“How would your life change if you could reduce your fear level by just 25%?”
My pastor, Gordon Cosby, challenged me with this question years ago.
I realized I had many unacknowledged fears. I had a powerful job and feared doing anything that might look controversial, so I was afraid to participate in peaceful demonstrations for causes I believed in.
I wanted to volunteer at an AIDS hospice, but was afraid my colleagues might ostracize me. I wrote songs, but was afraid to sing them to others.
I eventually did all those things, and I became braver. But I still struggle with fear in other areas of my life. There’s always that pesky fear of failing.
Recognizing your fear is a first step, but how do you move toward reducing that fear?
When Eleanor Roosevelt married her cousin Franklin Delano Roosevelt, she was painfully shy and gripped by low self-esteem.
- Her mother-in-law ridiculed Eleanor’s hair.
- Comedians imitated her grating voice.
- Cartoonists drew her disappearing chin.
- Her unfashionable clothes hung on a shapeless body.
Yet Eleanor’s compassion for the down-and-out drove her to become the voice of the voiceless. In the process, she became one of the world’s most respected women of the 20th century.
How did she do it? Here’s her secret: “Do one thing every day that scares you.”
Do what scares you in stages.
Start with small steps. The first time I participated in a demonstration, I wore a scarf that partially hid my face and I avoided cameras. I would not carry a sign or offer to speak. I stayed in the middle of the marchers. I wanted my presence to count, but I did not want to be seen and identified. I felt very brave when the march was over. I had done it and survived!
I didn’t cover my face the next time.
Maybe you’re afraid of a tough conversation you need to have with a family member or work colleague. You might start with a request: “Could we have lunch one day next week? I’d like to share some thoughts with you and get your views.”
Let’s say you want to approach your sister about sharing the cost of a helper for Mom, but are afraid she’ll resist or even get angry. Start the conversation by describing your concern in non-judgmental language, and ask how your sister sees it. For instance, ”When I visited Mom last week, I noticed dirty dishes all over the kitchen and very little food in the fridge. I’m worried. What do you think might be going on?”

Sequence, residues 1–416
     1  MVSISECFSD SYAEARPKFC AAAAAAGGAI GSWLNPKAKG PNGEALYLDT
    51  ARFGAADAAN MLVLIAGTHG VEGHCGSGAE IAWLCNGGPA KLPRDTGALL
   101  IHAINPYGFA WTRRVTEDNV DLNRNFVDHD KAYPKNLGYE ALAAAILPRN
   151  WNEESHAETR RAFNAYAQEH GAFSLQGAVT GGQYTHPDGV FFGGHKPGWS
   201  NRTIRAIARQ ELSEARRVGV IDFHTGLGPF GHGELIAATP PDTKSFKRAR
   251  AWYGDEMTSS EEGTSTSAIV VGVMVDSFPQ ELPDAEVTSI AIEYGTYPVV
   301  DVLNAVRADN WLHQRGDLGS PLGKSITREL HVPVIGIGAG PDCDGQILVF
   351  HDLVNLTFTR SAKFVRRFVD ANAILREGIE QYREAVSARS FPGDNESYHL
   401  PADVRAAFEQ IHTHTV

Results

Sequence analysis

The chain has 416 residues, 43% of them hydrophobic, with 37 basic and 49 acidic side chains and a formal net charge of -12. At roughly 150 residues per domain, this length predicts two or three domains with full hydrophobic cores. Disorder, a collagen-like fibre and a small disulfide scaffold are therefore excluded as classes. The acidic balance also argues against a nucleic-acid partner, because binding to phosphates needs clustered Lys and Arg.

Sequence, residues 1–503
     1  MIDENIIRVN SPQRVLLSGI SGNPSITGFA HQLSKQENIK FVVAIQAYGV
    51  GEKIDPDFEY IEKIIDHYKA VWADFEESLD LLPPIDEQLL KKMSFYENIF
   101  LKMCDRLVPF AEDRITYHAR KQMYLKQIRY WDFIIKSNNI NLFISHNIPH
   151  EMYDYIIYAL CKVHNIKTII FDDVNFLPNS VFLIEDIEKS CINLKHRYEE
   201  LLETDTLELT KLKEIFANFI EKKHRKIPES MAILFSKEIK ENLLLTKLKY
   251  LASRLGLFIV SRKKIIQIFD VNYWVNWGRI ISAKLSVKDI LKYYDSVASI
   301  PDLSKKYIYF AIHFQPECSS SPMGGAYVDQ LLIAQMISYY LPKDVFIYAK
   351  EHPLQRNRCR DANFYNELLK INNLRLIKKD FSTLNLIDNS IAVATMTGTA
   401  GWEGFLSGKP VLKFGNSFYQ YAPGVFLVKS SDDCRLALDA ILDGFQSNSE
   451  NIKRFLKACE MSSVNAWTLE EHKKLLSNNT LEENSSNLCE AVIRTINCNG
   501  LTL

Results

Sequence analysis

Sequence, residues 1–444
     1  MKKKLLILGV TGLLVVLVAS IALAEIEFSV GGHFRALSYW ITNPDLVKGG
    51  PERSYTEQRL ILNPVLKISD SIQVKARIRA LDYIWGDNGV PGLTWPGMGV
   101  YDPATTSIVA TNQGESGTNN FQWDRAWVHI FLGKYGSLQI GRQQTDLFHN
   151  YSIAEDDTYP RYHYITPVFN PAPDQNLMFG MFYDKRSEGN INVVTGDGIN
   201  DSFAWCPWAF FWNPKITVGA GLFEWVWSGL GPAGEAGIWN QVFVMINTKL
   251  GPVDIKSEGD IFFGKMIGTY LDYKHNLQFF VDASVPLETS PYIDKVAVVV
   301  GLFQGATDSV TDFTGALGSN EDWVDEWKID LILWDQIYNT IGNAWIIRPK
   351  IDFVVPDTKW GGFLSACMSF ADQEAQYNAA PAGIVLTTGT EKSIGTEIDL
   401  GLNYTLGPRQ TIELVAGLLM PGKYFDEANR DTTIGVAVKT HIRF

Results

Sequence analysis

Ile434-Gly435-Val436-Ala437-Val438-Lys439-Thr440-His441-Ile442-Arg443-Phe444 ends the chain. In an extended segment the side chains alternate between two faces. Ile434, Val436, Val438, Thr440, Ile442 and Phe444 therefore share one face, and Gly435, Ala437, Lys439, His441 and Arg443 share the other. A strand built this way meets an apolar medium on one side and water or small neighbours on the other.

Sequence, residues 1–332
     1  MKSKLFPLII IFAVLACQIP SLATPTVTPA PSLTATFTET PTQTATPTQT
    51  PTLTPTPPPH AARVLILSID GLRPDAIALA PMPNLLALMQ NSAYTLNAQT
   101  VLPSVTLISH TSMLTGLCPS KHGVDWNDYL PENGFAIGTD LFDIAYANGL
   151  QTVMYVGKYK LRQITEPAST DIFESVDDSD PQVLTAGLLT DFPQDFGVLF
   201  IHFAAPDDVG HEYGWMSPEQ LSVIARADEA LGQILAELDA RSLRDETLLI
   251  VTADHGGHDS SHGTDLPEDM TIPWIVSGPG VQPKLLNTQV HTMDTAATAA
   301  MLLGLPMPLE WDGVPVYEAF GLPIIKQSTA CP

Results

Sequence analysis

Then you listen. See where the conversation leads. During that first lunch you may or may not get around to the topic of jointly hiring some help, but you can offer to gather information and meet again. These are small steps that will decrease your fear of the next conversation, increase your knowledge about what’s happening with Mom, and explore your sister’s willingness to help deal with it.
Do what scares you with someone else.
Eons of human experience have shown that we are braver when we are not alone. There was a reason Jesus sent out his disciples two by two. It’s one reason people get married. We can take greater risks because we know someone has our back. There’s less chance of making an error if I have a companion with whom to talk it over. If one of us is scared, the other may be brave. We can share our knowledge and experience. We inspire one another.
Having a companion also creates accountability. When we commit to try something new, we are more likely to follow through if another is expecting it.
One major benefit of mediation is the simple presence of another person. With a neutral third party in the room, participants feel safer to express what they want and need. And when people feel less afraid they are less defensive and more willing to negotiate, freer to apologize, to make requests, to bring up sensitive topics.
What would you do – what conversations would you have – if you could reduce your fear by only 25%? Start today!
Beyond Dispute Associates
© Carolyn Parr and Beyond Dispute Associates, 2015. Unauthorized use and/or duplication of this material without express and written permission from this blog’s author and/or owner is strictly prohibited. Excerpts and links may be used, provided that full and clear credit is given to Carolyn Parr and Beyond Dispute Associates with appropriate and specific direction to the original content.
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